[Wokulski] already realised […] that in a time of misery, when everything else had betrayed him – the earth, a simple man and God remained faithful to him. (584)
“Simple people” play an essential part in the novel, also in terms of its ideological framework. They may be known by their first names (butler Mikołaj, maid Anna) or by their surnames only (cart driver Wysocki and his brother, railroad guard Wysocki, handyman Węgiełek). There is also an entire array of anonymous characters, mostly circulating in the background (servants, construction workers, seamstresses, etc.). The lowest group are paupers observed by Wokulski on the Vistula River bank: Several drunkards, or criminals, were dozing in the sun, there were two women street-sweepers and a loving couple, consisting of a leprous woman and a consumptive man without a nose.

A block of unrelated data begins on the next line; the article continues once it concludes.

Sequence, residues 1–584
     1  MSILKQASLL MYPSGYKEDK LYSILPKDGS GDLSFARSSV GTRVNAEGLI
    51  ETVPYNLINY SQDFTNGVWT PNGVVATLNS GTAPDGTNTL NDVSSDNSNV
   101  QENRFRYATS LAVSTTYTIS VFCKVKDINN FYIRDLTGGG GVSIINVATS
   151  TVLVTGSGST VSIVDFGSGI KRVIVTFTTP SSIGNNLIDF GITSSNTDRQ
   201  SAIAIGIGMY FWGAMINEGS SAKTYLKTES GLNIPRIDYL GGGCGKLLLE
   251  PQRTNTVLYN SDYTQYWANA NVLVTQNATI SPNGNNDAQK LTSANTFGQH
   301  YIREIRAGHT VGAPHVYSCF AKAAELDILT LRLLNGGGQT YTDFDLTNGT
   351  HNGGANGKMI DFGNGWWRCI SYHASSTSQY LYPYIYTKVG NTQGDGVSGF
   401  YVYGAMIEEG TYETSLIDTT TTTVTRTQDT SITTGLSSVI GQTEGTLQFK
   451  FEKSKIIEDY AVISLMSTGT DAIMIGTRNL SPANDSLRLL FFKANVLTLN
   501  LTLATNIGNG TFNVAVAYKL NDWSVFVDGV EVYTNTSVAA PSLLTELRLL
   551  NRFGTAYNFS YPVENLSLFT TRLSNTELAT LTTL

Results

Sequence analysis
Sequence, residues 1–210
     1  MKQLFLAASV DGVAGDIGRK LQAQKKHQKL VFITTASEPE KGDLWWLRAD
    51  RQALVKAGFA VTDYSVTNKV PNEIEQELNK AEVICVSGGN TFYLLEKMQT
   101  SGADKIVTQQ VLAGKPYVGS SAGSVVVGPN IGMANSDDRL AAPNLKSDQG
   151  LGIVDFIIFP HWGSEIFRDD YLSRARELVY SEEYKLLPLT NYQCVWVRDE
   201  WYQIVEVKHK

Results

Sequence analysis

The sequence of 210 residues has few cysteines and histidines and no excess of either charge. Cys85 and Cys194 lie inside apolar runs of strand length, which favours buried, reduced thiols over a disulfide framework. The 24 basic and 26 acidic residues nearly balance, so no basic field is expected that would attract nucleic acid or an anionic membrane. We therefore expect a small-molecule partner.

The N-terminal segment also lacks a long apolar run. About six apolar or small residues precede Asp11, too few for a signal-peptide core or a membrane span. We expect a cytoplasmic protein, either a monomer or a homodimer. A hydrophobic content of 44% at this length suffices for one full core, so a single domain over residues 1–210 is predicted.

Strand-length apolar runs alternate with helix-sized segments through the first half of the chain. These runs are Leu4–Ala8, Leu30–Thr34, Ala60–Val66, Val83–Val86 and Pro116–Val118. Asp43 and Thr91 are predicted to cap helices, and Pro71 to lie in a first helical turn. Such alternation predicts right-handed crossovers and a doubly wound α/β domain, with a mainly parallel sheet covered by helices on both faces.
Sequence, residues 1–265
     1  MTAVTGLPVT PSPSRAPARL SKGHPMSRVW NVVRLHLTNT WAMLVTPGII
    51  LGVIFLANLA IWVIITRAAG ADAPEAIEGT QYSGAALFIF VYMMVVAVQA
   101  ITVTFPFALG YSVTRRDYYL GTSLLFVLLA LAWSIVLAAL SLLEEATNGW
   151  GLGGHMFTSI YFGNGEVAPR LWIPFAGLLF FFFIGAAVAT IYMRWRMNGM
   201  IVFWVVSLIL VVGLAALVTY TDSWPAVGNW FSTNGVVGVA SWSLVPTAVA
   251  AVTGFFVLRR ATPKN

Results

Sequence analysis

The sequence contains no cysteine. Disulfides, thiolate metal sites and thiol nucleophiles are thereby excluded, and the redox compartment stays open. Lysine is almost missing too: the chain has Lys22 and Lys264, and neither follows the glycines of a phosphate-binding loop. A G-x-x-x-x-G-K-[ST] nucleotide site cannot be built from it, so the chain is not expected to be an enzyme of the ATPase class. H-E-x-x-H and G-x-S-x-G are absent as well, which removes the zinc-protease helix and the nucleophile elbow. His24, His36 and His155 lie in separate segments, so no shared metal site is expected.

The above-mentioned characters often make an appearance in the pivotal scenes of the novel (e.g., Wokulski’s suicide attempt near Skierniewice), and their social deprivation inspires Wokulski to consider the state of the Polish society, provides a rationale for his reformist ideas and lends validity to his projects. Lower-class characters are often endowed with symbolic meaning: a Christian paradigm of a simple, humble man (e.g., Kacper Wysocki in the Skierniewice scene).